Cuba part 11: Night watches at the marina

Having Ben as my boyfriend has really given me insight into this beautiful country. I get to experience the culture from the inside without the worry of being taken advantage of. He knows everything about Cienfuegos, the history of Cuba and music. When we go out, his presence means I can relax and have a good time as well as meet his friends. I love having an inside view. 

I also enjoy when he does the night shift at the marina. We are rarely alone for long as the staff like to come out and talk to us. The first night I hung out with them, I brought them Colombia sweets and coffee. I was automatically in! They showed me how to make coffee Cuban style (which is really good!!) and gave me an insight into Cuban living. 

The themes of our conversations run from food, wages, working girls, history and education. Mostly there is a lot of banter and laughing. If they use slang, Ben interprets for me. My understanding of Spanish is so good now I can even contribute to the laughter by making jokes. I have been waiting to get to this point!

Last night we talked about wages. Let me give you an idea of true poverty. Not for a group of people, but the majority of a country. A custom agent here makes $25 USD a month. They work 180 hours a month. If they don’t have the $25,000 to buy a house, they will pay between $25 and 40 for rent. If you’re bad at math, rent is the same or more than the wage. 

People think Cubans get coupons for free food. They don’t. The price of rice, beans and bread is very low. They describe it as enough to eat, if you don’t eat a lot.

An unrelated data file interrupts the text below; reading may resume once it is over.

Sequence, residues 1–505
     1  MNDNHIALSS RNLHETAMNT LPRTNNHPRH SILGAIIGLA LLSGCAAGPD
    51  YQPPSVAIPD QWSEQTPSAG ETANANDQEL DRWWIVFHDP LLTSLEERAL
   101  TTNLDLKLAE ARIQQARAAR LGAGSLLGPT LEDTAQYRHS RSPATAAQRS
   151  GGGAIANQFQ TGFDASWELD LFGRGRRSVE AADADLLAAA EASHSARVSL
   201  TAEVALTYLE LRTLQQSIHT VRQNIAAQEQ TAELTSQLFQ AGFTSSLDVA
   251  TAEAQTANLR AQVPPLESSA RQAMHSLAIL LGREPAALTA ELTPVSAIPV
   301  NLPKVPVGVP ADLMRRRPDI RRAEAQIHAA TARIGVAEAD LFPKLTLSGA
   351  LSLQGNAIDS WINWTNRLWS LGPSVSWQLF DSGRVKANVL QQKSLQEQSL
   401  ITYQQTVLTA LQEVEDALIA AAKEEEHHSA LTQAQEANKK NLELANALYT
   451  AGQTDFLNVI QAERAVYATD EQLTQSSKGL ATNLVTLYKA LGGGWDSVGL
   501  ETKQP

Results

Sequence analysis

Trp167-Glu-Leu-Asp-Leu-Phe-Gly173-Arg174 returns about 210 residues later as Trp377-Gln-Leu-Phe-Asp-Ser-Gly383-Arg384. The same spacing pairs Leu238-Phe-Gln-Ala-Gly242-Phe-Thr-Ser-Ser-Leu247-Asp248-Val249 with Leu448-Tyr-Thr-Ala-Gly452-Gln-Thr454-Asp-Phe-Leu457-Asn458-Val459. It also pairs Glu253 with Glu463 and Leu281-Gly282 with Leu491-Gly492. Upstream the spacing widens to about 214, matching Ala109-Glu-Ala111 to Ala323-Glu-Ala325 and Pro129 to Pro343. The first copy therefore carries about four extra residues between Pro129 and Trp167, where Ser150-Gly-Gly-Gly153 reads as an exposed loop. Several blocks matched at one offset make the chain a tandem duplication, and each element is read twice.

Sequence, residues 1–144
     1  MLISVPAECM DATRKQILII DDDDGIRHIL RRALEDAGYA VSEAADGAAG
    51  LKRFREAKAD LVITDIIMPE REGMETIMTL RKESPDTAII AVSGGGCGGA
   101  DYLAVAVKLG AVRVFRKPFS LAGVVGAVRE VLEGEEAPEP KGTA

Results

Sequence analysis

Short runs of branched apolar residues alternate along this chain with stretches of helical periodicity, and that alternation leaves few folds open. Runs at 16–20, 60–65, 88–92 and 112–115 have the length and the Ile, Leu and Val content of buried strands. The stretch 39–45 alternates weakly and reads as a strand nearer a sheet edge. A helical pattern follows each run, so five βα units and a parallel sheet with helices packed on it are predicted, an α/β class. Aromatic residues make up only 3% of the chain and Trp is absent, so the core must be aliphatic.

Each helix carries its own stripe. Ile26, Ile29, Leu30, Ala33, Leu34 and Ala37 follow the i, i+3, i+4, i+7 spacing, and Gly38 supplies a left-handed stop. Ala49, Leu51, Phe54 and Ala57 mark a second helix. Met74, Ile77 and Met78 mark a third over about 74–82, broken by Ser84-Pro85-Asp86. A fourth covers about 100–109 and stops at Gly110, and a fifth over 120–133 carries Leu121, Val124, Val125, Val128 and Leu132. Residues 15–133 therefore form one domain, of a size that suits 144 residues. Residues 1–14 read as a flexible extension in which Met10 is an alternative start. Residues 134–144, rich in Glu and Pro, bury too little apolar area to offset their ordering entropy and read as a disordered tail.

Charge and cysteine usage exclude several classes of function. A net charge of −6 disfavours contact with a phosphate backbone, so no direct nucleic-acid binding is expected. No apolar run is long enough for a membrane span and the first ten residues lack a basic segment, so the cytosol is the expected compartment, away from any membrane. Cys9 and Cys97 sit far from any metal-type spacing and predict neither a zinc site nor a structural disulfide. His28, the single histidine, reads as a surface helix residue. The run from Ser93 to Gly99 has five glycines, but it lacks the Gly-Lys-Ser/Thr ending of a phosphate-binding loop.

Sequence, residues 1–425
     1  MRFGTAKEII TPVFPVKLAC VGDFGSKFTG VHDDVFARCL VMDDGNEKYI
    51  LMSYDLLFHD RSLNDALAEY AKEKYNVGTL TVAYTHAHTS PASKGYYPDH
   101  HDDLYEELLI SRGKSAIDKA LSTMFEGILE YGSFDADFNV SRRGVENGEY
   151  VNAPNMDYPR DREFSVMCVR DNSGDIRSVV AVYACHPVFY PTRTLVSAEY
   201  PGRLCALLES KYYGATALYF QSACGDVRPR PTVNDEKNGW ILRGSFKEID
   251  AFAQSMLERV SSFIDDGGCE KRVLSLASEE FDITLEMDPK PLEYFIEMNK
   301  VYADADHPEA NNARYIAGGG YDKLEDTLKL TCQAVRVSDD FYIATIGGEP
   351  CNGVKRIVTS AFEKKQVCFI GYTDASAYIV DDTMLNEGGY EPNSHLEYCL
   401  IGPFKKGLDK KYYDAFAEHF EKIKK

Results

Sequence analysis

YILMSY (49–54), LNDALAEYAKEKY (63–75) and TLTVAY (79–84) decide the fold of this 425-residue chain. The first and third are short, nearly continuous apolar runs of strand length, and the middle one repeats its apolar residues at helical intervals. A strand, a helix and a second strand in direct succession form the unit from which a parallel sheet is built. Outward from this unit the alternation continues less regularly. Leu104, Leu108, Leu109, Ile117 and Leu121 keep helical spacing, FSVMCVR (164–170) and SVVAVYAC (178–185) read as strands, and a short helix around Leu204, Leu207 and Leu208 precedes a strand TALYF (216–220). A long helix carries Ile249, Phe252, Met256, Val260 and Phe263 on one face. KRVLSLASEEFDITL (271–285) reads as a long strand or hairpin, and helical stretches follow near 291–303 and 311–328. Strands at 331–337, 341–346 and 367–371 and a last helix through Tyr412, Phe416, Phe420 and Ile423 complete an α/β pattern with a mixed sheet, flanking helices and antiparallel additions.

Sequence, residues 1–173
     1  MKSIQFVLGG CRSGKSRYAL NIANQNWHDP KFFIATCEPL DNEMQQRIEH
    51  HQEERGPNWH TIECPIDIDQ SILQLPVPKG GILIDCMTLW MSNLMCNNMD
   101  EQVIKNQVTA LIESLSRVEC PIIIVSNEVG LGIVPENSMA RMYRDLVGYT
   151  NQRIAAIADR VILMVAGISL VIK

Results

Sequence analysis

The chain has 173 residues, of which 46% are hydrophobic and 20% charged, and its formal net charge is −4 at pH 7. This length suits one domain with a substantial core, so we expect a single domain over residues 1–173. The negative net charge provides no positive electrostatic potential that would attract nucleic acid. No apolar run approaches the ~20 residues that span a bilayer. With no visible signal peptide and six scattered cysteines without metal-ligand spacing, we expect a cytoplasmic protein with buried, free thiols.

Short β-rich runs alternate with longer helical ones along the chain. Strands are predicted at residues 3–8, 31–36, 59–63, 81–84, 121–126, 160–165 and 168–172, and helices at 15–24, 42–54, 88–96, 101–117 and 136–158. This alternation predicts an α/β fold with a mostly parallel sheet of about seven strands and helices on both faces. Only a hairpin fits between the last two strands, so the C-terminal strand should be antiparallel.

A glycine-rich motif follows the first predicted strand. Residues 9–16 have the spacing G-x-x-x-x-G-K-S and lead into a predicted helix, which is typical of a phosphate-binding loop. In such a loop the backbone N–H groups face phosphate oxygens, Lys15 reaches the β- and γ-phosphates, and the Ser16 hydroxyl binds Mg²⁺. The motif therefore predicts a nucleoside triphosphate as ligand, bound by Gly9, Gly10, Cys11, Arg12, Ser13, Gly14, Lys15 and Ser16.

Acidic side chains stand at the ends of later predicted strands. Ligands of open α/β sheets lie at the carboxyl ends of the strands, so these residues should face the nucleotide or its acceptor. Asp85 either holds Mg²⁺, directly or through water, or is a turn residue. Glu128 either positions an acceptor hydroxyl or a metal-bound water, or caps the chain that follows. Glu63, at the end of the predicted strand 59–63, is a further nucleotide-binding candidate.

A pair of jeans? $40. All of the nightclubs charge to get in. In Cienfuegos it’s about $2.50 and a drink is about $1.50. What is cheap for us is out of reach for most Cubans. Of course there are people who have family that have made it out of Cuba and are receiving money from them. Those people are very fortunate. 

I told Ben that I couldn’t do it. I said that I have been well nourished since birth and have a hard time being hungry. I couldn’t imagine eating the same thing and not enough of it just because there’s no other choice. 

The most incredible thing about this whole conversation was that they weren’t complaining. They were simply educating me on how things are. They were educating me on why foreigners think it’s so cheap here, but for them so much is unobtainable. They said there is no reason to be sad or upset about it, because it’s the way it is. Sometimes if they have an extra six pesos (about 10 cents) they splurge and buy a pizza on the street. Then they’re out of money. But they believe life is about enjoying. I hear from so many people “Disfruta la vida!” That’s when they’ve just spent the last pesos on a cheap bottle of rum. 

So I will! Of all the countries I’ve visited, this is by far the most poor and by far the most happy. Everyone is smiling and telling jokes. In the night clubs, everyone is having so much fun and laughing as they try out funny dances. They are carefree with a passion to enjoy life. 

Then you go 80 miles north to a country where so many people have so many things and eat all of the time without worry. Yet everyone is complaining, running around in a hurry and stepping on everyone to get to the top. To me, that’s not living. I prefer to live in a community, laugh and share with people who have less. I have also been very fortunate to receive when I haven’t had much. Life works in a circle. 

Anyway, as I sat there on the night watch laughing and learning Cuban slang, I couldn’t help but be grateful that this country is teaching me a different way to live. A life about acceptance, making the best of what one has, bringing joy to others and most importantly, how to make and be part of a true community. I don’t have a lot, but I have more than them. I’ve been happy to buy a few drinks and offer some food to the people at the marina. I do it within my means and to them, it means a lot that I’m sharing. Take care of others and the world will take of you. 

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